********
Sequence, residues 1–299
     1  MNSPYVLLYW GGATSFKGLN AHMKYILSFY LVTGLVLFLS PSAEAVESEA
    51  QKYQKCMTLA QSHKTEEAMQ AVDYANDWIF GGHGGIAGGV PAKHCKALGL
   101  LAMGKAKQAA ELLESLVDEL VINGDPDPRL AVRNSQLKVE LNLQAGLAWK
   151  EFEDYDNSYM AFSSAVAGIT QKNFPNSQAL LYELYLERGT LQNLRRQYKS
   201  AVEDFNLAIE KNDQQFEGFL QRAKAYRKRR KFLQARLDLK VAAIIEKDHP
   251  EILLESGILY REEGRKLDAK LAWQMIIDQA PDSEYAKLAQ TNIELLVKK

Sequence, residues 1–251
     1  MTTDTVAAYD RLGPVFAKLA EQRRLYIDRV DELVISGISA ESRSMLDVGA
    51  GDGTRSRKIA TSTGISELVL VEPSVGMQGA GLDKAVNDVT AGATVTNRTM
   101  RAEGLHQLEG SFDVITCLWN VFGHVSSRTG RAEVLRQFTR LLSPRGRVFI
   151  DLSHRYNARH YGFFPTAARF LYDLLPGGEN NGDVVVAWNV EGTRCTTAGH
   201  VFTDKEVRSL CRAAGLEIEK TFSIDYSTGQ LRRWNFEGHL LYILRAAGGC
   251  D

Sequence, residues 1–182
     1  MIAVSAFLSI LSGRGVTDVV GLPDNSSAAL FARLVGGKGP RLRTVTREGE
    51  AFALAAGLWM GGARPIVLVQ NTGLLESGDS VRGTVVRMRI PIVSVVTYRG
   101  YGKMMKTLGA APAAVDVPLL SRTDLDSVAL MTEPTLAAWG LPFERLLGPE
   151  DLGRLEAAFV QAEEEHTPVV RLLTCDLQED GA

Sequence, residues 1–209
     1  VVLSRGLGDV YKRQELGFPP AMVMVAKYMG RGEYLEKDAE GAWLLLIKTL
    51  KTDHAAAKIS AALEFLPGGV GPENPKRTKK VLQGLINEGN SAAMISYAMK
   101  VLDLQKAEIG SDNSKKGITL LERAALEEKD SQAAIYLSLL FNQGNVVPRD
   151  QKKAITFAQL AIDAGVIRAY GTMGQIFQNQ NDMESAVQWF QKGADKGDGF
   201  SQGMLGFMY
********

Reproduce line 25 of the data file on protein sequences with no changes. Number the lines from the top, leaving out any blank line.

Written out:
   201  SQGMLGFMY